Sheldon and Eleanor Glueck's criminology research is a reminder that conceptions of social justice evolve over time

  • Eleanor & Sheldon Glueck in cap and gown_1924-25_HOLLIS 8001346192

    Eleanor T. Glueck and Sheldon Glueck in cap and gown, 1924-1925

    Eleanor received her Ed.D. in Educational Psychology in 1925; Sheldon received his Ph.D. in 1924.

  • 7.26.17PostersEtc115_Detail of Glueck Research binder_Eleanor & Sheldon Glueck Papers_Box 26-5

    Papers of Eleanor T. and Sheldon Glueck, 1911-1972: Box 26-5

    This research binder illustrates the Gluecks’ painstaking methods of fact-gathering and reliance on empirical data.

  • Gluecks before receiving honorary Harvard degree_1958_HOLLIS  8001346193

    Eleanor and Sheldon Glueck, 1958

    The Gluecks were the first husband and wife team in Harvard’s history to be given honorary degrees.

  • Glueck_Boston Juvenile Court distinguished service medal_HOLLIS 8001351541_recto-verso

    The Boston Juvenile Court distinguished service medal, 1951 or 1952

    In 1952, the Gluecks received an award from the Boston Juvenile Court for their research in the prevention of delinquency.

Eleanor and Sheldon Glueck just before receiving their honorary Doctor of Science degrees from Harvard, 12 June 1958

Kodacolor print, 7 x 5 in.
Eleanor T. (Eleanor Touroff) and Sheldon Glueck Visual Materials
HOLLIS 8001346193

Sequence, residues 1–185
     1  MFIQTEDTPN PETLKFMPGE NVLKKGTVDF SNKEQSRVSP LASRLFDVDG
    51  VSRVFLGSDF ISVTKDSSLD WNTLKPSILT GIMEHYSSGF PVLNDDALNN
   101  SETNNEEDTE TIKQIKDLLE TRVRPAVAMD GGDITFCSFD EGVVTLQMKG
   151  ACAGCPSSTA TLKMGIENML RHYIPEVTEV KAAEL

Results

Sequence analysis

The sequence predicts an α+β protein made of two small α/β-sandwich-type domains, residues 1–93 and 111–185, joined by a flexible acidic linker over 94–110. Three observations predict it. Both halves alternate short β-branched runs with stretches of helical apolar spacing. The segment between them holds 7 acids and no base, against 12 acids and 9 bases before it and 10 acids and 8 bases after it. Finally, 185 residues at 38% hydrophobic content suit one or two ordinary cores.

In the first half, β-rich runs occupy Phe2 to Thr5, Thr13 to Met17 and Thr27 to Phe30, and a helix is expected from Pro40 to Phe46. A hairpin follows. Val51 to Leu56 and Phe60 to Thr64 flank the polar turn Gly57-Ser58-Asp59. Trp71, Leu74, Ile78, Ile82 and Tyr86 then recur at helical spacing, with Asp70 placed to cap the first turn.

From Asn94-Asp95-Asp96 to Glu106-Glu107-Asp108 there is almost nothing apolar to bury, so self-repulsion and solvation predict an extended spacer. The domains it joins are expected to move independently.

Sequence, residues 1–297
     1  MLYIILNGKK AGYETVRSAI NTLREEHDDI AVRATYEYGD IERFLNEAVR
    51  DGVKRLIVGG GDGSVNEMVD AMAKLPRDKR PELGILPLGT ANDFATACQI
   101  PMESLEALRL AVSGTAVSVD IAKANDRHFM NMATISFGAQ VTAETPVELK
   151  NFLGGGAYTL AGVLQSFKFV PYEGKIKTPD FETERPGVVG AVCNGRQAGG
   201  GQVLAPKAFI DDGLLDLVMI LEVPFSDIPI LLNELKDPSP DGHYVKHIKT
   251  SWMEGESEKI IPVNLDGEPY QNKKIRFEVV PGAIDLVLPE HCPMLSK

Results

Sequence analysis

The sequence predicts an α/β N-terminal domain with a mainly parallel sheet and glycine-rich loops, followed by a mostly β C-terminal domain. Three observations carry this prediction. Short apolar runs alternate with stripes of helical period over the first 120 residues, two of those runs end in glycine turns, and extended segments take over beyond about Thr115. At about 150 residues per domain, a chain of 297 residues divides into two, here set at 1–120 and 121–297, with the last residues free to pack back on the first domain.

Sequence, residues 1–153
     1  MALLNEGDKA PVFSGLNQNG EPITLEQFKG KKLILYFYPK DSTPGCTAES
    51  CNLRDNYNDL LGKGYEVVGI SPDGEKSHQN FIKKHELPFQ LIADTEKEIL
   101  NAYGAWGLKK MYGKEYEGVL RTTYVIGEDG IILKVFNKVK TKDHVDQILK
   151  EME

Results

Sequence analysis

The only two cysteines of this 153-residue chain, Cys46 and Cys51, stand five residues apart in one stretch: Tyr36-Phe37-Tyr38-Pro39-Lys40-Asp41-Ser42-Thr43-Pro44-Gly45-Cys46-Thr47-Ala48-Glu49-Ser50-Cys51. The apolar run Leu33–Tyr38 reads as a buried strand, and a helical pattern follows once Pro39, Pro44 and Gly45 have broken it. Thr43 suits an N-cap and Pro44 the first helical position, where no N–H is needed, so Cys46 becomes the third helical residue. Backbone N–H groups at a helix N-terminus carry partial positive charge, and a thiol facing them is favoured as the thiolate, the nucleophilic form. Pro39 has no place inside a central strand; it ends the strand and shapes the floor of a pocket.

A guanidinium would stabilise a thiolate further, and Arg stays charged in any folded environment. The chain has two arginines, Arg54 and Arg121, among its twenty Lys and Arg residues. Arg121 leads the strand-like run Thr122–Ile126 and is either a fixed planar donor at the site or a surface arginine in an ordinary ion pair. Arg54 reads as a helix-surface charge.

Sheldon Glueck received his Ph.D. from the Harvard Department of Social Ethics in 1924. Glueck began teaching at Harvard Law School as an assistant professor of criminology in 1929, and in 1950 became the first Roscoe Pound Professor of Law. Eleanor T. (Eleanor Touroff) Glueck received her Doctorate in Educational Psychology from Harvard in 1925. At the time, the Education School was the only Harvard school to admit women, and she was one of only two women to receive a Doctorate of Education from Harvard that year. She never secured a tenured faculty position or teaching position at Harvard. The Gluecks’ eclectic educational background reflected their interdisciplinary pursuits at the intersection of social science and law and also led to a significant degree of social and professional isolation.

Between 1933 and 1969, Sheldon and Eleanor Glueck received numerous awards for their work, the majority of which recognized their contribution to the study of chronically delinquent youth and the predictability and causality of crimes. The Gluecks were the first husband and wife team in Harvard’s history to be given honorary degrees. They were recognized chiefly for their contribution to the study of chronic juvenile delinquency at a time when recidivism and the link between criminal behavior and sociological factors, such as family life, peer groups, and temperament, was little understood.

Yet their work also reminds us that conceptions of social justice evolve over time: over the decades, their research has proven controversial among criminologists for its insularity, moral judgments of lower-income families, and a failure to incorporate sociological factors like culture and community in favor of variables traditionally thought to influence crime, like morphology, class, and intelligence.